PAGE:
Helping Children with Special Needs Cope with Fears, Anxieties, and Worries: A guide for teachers and parents
Helping Children with Special NeedsCope with Fears, Anxieties, and Worries A guide for parents and teachers
This presentationis for adults who help childrenthrough their hard times;their anxiety, worries, & fears.
It is meant to be astand-alone presentationto help parents and teacherswork with children to copewith those feelingsthat interfere with daily life.
The ideas for this presentation Susan Hepburn, PhD come from years of experience in schools and community settings from Susan Hepburn, Judy Reaven, Judy Reaven, PhD and Audrey Blakeley-Smith; all Clinical Psychologists at JFK Partners, University of Colorado.Audrey Blakeley-Smith, PhD
Overviewpresentation for thisSigns to help determine if a child’s behavior is typicalor a concern.Strategies to help children cope with anxiety.Selecting the best approach.Words parents and teachers can say to help children.Ideas for prevention of anxiety, worry, or fear.
How do you knowif a child’s behavioris typical or a concern?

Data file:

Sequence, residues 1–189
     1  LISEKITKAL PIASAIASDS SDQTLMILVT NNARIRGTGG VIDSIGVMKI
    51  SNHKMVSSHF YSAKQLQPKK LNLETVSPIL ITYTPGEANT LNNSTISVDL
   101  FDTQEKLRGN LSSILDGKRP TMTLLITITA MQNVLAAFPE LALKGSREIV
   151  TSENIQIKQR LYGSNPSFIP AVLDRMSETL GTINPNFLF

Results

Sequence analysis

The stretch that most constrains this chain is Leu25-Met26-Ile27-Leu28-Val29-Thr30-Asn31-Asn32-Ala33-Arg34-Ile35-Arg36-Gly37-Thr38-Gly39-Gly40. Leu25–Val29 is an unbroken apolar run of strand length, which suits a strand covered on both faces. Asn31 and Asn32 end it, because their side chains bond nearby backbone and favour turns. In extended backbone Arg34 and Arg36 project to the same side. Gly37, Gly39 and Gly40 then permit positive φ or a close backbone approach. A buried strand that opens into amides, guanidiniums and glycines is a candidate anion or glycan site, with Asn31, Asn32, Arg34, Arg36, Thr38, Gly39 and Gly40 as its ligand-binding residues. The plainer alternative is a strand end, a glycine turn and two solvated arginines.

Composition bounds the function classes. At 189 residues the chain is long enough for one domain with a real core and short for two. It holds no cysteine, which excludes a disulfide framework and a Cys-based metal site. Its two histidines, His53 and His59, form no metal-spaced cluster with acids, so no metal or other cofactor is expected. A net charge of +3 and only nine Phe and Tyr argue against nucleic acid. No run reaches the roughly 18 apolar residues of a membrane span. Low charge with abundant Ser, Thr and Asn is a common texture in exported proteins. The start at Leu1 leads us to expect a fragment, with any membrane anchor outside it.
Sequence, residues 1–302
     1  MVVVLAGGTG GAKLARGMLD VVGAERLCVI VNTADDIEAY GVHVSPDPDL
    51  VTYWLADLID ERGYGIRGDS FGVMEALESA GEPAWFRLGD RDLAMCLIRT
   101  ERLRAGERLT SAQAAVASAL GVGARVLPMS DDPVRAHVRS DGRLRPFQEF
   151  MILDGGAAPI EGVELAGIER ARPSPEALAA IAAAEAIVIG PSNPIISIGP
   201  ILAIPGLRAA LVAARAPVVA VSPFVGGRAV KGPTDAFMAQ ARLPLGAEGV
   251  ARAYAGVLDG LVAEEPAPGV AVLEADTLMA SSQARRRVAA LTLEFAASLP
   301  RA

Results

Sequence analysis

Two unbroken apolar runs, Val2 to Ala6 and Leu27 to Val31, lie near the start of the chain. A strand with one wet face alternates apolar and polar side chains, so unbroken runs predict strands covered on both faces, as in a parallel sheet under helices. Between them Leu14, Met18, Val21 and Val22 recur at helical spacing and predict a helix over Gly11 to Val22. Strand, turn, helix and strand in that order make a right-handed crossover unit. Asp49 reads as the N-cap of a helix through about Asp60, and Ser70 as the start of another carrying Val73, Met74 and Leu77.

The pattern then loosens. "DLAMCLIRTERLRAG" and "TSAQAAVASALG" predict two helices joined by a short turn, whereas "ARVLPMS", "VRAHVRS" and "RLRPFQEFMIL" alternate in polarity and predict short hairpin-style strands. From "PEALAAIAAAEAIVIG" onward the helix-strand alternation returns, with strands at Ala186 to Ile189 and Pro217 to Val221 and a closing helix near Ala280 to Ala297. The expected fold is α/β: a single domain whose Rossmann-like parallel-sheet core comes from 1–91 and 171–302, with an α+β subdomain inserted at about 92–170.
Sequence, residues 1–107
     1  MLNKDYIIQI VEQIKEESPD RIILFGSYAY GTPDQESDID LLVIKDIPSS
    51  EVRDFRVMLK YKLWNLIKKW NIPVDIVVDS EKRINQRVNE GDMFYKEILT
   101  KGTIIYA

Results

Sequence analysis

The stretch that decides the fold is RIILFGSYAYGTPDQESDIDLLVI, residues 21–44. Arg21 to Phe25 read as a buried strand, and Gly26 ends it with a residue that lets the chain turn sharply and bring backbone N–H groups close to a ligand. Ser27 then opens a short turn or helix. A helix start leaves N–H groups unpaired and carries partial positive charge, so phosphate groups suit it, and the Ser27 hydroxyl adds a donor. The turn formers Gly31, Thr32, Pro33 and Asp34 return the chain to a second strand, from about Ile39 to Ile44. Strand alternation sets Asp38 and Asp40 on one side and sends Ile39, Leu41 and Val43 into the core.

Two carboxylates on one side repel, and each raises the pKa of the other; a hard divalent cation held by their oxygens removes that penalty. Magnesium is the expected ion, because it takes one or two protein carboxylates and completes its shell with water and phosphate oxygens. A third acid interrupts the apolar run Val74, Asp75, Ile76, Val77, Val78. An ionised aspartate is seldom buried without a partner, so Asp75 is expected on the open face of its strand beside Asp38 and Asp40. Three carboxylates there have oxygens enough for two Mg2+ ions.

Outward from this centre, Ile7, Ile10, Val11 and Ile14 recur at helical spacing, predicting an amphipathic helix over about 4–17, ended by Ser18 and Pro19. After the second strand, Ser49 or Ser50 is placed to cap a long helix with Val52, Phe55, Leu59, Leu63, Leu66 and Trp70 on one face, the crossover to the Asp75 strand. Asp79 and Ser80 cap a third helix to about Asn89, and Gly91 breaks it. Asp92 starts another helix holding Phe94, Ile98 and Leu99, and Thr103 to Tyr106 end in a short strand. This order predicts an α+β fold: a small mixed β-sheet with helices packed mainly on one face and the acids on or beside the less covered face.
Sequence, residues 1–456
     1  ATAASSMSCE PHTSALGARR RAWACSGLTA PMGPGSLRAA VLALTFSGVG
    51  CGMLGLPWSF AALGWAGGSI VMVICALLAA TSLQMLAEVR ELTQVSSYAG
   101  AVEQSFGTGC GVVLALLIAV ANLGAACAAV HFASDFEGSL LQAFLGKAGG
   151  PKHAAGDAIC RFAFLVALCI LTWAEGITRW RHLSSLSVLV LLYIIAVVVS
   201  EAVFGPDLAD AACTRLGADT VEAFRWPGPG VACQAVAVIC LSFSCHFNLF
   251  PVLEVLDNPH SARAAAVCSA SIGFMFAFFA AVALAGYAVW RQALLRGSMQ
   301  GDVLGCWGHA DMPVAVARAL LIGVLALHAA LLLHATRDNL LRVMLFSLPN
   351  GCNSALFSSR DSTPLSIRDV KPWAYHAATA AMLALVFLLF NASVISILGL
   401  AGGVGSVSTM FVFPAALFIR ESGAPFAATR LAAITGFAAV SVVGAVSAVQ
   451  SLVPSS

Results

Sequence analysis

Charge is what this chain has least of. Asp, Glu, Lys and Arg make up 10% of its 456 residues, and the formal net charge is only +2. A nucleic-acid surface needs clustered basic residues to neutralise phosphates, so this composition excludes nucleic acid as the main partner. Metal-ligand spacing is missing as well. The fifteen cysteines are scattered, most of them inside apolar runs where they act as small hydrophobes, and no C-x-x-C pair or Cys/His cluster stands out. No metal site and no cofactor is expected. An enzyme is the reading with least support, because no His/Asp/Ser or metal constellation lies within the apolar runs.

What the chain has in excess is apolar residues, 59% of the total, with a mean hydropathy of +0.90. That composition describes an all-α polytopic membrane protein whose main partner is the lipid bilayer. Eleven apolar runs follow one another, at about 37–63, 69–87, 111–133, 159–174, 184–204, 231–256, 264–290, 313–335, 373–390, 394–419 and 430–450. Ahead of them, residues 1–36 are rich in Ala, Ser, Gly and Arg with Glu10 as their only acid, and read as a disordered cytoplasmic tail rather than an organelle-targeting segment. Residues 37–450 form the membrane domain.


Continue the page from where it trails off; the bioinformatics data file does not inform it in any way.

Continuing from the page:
Signs of anxietyMany children experience anxiety, worry, and fear in theirdaily lives but are unable to verbalize their feelings.Instead, you might see some of these signs.Avoids new experiences Sleep problemsResists change Narrow focus of interestIrritable Difficulty concentratingDreads future events Withdrawn
Many of these signsare typicalsigns of anxiety thatmost children gothrough.Experiencing anxiety,fear, and worryis part of growing up.
The problem iswhen these signsturn into excessive,persistent, ongoingissues…
When anxieties,worries, and fearsinterfere with dailyactivities.
Anxiety is commonfor children withdevelopmentaldisabilities, especiallychildren with autism.
Most children prefer to avoidfacing their fears, worries, oranxieties.When a child avoids a difficultsituation, he or she does nothave the opportunity to learnto cope with that situation. Asa result, when facing with thesame situation in the future,anxiety will likelycontinue.
Understanding theCycle of Anxiety andteaching the concept tochildren with anxiety, willhelp them understandwhy it’s important toface their fears.
le e cyc ts her r st a The Cycle of Anxiety usually begins with physical reactions to fear, anxiety, or worry such as increased breathing, racing heart, sweating, or dizziness.AvoidanceThe cycle of
le e cyc ts her r st a Negative thoughts like, “I can’t do this!” or exaggerated thoughts like, “That snake is going to bite me!” when the snake is behind a glass window can take over. AnxietyThe cycle of
le e cyc ts her r st a Behaviors may become explosive suddenly, and irritation and upset may appear. AnxietyThe cycle of